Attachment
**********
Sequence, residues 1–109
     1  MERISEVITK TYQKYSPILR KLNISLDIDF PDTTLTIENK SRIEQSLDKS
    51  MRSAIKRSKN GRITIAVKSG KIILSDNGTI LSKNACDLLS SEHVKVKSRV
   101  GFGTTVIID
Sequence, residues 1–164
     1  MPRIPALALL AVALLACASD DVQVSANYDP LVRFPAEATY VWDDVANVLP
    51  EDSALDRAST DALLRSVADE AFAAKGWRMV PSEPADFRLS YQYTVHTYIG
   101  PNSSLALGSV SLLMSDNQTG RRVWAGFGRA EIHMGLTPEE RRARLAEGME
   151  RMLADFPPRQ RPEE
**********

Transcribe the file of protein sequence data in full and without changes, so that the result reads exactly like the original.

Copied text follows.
Sequence, residues 1–109
     1  MERISEVITK TYQKYSPILR KLNISLDIDF PDTTLTIENK SRIEQSLDKS
    51  MRSAIKRSKN GRITIAVKSG KIILSDNGTI LSKNACDLLS SEHVKVKSRV
   101  GFGTTVIID
Sequence, residues 1–164
     1  MPRIPALALL AVALLACASD DVQVSANYDP LVRFPAEATY VWDDVANVLP
    51  EDSALDRAST DALLRSVADE AFAAKGWRMV PSEPADFRLS YQYTVHTYIG
   101  PNSSLALGSV SLLMSDNQTG RRVWAGFGRA EIHMGLTPEE RRARLAEGME
   151  RMLADFPPRQ RPEE